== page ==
I'm looking at the lovely aftermath of a children's theatre showing of "The Muppet's Christmas Carol" that our church hosted in the building where we worship. It was so fun to see what kids can do, how sweet they are, and how fun it is to bring families together to celebrate the stories and the joy found in the holidays. It's also very real when you stare at tinsel on the floor, card board flats stacked up, and so many other things that need to be taken down. At the same time we have carpet cleaners sucking all of the nasty out of our carpets before Christmas. After that's all done, our team is going to jump in to create a beautiful space for our Christmas eve by candlelight service. As I was doing the work I was processing the question, "Why am I doing this?" Am I doing this to feel good about myself? No - that would be a waste of time. Am I doing this to impress other people? I guess that answer would have been "yes" in my past, but not anymore. Am I doing this to be a good host to new guests? I guess kinda yes but also not really. As I thought about it more, I realized that even all the unseen, mundane, behind the scenes stuff related to Christmas is an act of worship for me and our team. Obviously this can be done for so many other reasons, but the reason I want to participate in the decorations, hosting, and welcoming of people into our faith community's celebration of Jesus is because I want to express to God my adoration of Him for the sake of others. Who knows, maybe this thought might help you as you go through all of your decorating, hosting and welcoming of others throughout the next two weeks.
Never ever overlook a moment when someone is taking the time to thank you for how you've helped them in their journey through life! When that happens you absolutely have to stop everything and see how miraculous it is that you've made an impact on anyone, let alone a positive enough impact that they took the time to say "thank you" from the bottom of their heart.Jesus once told his disciples this parable about how God would divide out people. Jesus talked about how God would say to His sheep, "Come, you who are blessed by my Father; take your inheritance, the kingdom prepared for you since the creation of the world. For I was hungry and you gave me something to eat, I was thirsty and you gave me something to drink, I was a stranger and you invited me in, I needed clothes and you clothed me, I was sick and you looked after me, I was in prison and you came to visit me." Matthew 25: 34-35 But watch how clueless the righteous sheep are about all of these quiet acts of love and service. They don't remember ever actually doing any of it. They say to God, "Lord, when did we see you hungry and feed you, or thirsty and give you something to drink? When did we see you a stranger and invite you in, or needing clothes and clothe you? When did we see you sick or in prison and go to visit you?" “The King will reply, ‘Truly I tell you, whatever you did for one of the least of these brothers and sisters of mine, you did for me." Matthew 25: 37-40Honestly, that parable has always made me a little nervous because my life hasn't really been marked by inviting every stranger into my home, going to lots of prisons or clothing naked people. But I think what Jesus is getting at is that when I'm serving Him, and out of the overflow of my love for Him I'm loving others, I just make an impact on others that pleases Him, and helps others, without me really even being aware I'm doing anything. That's what I experienced the other day. A very kind individual said to me, "Andy I just want to thank you for the investment you've made in my life. I remember clearly when you said . . ." They shared with me something I don't have any memory of saying, and yet God used what came out of my mouth to help them and encourage them. I treasure moments like that! I hope I can live out even more moments of service to God and love for others, where I'm so non-focused on me that I don't even remember doing it until God brings it to my attention in eternity.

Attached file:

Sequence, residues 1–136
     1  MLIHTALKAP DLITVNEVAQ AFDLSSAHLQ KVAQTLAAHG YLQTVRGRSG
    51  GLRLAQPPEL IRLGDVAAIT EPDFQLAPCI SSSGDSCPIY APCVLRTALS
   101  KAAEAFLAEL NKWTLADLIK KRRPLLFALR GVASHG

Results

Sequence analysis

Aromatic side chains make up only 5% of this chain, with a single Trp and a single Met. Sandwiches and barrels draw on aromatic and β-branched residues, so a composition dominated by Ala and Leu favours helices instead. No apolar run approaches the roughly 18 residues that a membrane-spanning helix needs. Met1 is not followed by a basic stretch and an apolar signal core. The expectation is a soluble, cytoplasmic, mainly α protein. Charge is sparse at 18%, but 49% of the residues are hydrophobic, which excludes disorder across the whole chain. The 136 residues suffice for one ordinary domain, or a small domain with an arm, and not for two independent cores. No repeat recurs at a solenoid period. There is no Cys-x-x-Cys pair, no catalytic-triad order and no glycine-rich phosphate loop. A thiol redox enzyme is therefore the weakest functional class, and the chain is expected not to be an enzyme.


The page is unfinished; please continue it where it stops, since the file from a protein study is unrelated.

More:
I sat at the head of our long dining table looking around at the great wealth God has granted to the church where I serve. I marveled at how "rich" we were with God's provision. Aleta and I were hosting our annual staff Christmas party, bringing all of the staff leaders to our home and getting all of us around our table to enjoy laughter and a meal together. As people enjoyed their meal I looked at each person who is on staff, and I thought back to each person who had been on staff in the past, and I thought, "We are a *rich church." Here's what I mean. We are not the biggest attended church. We don't have the biggest building. In fact we don't have a building to call our own. We don't have the biggest budget. But we've had leaders in the past, and we have leaders in the present, who really love Jesus Christ. They want to serve God's purposes with their lives. They seek His face, and they seek to honor Him in their marriages, their homes, their jobs, and in their service to the mission of Faith Community Church. Truth be told. I'm more than fine not being the kind of "rich" church that hits the metrics of the most bodies, buildings, and bucks when I get to work alongside the more important riches of humble, humorous, real godly people pursuing Christ together. Thank you leaders for who you are and for all that you do to honor Christ!